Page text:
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Learn How To Live Your Best Life By Looking To The Animal Kingdom
Though they can seem mysterious from the outside, the goings-on of the animal kingdom leaves many of us fascinated and looking to learn more. After all, animals operate in often perfectly functioning lifecycles, without the need for any of the jobs, finances, or worries that we in the human world distract ourselves with.
You certainly wouldn’t catch monkeys, or any other animal for that matter, wasting their time with things like social media or Google! They’re too busy living life at the moment and shaping a generally more satisfying existence. Luckily, you could do the same by sitting up and taking notice of these crucial but easily missed self-help lessons from the animal kingdom.
Listen to your instincts
When you look to any corner of the animal kingdom, one thing becomes clear – there’s no room for self-doubt here. Instead, animals are self-assured in their actions and driven purely by instincts designed and honed to keep them safe. You certainly don’t see prey animals like rabbits questioning themselves, or wondering whether perhaps they’re overreacting to that large bird of prey hovering overhead.
Instead, they act in moments, not only running for cover but also thumping the ground authoritatively to save their friends. That’s heroism, and it comes from always listening to yourself and your instincts, instead of pausing for doubt and increasing your risks as a result.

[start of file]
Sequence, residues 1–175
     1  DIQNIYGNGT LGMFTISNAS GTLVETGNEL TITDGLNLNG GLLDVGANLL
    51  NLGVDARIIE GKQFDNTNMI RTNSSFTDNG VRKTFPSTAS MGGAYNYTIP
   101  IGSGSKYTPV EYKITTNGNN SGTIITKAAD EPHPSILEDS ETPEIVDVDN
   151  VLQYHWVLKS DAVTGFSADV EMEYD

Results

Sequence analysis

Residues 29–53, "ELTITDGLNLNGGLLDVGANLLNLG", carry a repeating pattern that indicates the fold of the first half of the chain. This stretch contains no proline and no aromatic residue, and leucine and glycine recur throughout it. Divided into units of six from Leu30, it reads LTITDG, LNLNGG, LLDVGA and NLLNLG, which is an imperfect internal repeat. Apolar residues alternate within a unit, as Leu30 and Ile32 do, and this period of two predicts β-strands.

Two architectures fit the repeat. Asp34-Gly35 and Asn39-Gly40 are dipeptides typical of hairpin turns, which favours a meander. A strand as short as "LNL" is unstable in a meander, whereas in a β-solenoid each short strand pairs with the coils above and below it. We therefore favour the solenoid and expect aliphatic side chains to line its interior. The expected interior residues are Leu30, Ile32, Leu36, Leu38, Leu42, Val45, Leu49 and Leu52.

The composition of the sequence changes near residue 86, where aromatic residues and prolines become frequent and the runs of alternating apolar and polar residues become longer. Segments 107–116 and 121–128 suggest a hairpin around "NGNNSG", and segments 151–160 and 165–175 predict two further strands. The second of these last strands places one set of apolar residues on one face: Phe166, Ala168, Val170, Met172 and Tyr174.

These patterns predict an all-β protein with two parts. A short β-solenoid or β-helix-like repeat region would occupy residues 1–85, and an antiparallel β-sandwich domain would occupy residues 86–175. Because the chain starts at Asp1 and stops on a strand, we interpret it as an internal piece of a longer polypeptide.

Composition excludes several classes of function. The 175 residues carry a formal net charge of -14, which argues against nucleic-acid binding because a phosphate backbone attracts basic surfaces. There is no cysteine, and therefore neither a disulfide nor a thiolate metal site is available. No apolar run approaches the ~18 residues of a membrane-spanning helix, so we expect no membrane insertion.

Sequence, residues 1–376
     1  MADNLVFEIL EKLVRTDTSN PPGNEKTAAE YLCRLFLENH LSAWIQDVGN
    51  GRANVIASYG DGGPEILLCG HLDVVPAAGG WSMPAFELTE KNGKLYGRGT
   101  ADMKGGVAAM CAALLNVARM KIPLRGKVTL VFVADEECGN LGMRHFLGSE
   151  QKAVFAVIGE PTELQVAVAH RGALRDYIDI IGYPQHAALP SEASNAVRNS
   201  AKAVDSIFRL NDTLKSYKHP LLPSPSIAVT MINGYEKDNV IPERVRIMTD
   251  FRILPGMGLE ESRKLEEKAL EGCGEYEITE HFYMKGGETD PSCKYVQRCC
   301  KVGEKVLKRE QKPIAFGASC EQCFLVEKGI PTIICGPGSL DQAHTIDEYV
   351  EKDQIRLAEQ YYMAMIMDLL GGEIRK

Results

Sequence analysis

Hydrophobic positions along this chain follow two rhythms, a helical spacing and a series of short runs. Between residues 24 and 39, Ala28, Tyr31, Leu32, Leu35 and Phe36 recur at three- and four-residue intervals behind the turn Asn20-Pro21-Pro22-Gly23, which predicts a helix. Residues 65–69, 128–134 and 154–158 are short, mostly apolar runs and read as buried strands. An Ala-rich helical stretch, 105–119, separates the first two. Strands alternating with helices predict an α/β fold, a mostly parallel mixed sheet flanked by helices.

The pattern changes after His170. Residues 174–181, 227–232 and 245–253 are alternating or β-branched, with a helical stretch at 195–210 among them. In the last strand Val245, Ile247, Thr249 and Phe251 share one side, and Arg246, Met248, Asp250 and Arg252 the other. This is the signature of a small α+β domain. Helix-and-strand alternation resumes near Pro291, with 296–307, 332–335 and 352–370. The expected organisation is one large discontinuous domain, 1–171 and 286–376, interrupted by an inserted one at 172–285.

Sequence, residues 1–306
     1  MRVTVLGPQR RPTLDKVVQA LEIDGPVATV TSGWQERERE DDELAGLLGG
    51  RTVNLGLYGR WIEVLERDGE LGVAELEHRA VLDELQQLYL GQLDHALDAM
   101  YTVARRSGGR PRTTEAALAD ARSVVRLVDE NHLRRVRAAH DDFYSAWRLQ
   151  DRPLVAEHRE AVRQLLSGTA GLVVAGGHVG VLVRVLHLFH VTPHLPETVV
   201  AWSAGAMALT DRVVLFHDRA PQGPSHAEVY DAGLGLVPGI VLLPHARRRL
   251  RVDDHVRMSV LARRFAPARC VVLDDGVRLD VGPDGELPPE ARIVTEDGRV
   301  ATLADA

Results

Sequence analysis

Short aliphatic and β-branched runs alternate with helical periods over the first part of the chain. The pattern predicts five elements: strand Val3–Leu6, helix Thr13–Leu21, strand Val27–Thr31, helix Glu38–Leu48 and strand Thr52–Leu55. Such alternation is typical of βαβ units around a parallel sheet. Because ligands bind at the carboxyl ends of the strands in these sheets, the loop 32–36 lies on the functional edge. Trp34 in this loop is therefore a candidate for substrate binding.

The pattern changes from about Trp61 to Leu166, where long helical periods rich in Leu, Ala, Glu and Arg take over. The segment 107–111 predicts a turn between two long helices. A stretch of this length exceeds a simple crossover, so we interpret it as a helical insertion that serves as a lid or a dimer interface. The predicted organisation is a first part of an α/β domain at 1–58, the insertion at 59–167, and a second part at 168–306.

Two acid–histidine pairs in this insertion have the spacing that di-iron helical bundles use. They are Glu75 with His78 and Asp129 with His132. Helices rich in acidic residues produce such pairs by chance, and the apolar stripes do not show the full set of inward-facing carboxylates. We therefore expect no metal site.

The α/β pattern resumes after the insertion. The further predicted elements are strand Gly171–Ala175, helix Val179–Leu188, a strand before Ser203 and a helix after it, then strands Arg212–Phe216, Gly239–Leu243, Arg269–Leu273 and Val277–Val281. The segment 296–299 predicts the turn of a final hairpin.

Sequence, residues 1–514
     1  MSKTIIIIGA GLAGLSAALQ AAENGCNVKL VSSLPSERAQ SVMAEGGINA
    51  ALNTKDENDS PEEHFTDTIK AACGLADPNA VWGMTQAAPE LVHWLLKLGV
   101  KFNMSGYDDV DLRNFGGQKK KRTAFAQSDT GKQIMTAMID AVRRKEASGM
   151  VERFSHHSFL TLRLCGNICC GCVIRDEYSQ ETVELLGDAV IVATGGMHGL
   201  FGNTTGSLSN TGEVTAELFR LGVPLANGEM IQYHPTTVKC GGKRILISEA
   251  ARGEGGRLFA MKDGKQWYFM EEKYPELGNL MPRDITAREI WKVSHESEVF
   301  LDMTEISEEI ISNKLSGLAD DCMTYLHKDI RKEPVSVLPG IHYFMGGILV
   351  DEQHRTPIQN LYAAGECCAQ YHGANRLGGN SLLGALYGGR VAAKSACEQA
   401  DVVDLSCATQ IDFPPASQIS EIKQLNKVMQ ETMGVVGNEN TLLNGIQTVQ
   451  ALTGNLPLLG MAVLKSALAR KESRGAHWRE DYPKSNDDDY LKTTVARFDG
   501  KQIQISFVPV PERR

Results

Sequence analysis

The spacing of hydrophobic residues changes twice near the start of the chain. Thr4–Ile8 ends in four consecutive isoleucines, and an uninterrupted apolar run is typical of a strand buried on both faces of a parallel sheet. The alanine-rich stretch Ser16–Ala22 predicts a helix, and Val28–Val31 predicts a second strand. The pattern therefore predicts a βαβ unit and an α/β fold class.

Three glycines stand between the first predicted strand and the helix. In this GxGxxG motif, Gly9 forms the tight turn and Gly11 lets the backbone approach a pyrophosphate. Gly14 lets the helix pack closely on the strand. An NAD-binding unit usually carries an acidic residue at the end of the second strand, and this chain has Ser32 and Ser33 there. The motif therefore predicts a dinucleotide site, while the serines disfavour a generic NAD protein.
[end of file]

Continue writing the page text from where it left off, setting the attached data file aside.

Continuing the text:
While it would be an exaggeration to say that animals don’t work hard, it’s also important to point out that there’s no such thing as a workaholic in the animal kingdom. Instead, animals do what they have to do (e.g., build their nests, hunt, migrate), and then they get down to the critical task of recharging so that they’re better able to take on the next challenge.
Koalas and lions, in particular, are great examples of this with their 20+ hours of daily sleep. Equally known as the slowest animals in the animal kingdom, sloths are famed for taking it easy to preserve much-needed energy. This enables these creatures to more effectively hunt for food and generally remain healthy, unlike humans, who routinely push themselves too far, even if performance suffers in all areas.
Keep good company
While there are undoubtedly solitary creatures in the animal world, the vast majority of animals choose to live in close-knit and trusted pairs or groups. This is a survival technique, but it also plays a part in keeping animals happy, as you’ll know if you’ve ever tried to leave your dog alone for extended periods.
Equally, for humans, companionship and close access to trusted loved ones can make for a far more rounded, happy existence overall. They can certainly help us to feel safer and more well-balanced than if we inhabited only private spaces.
This is just the tip of the iceberg of lessons that animals have to teach, but are you ready to fly with what the animal kingdom has to tell you?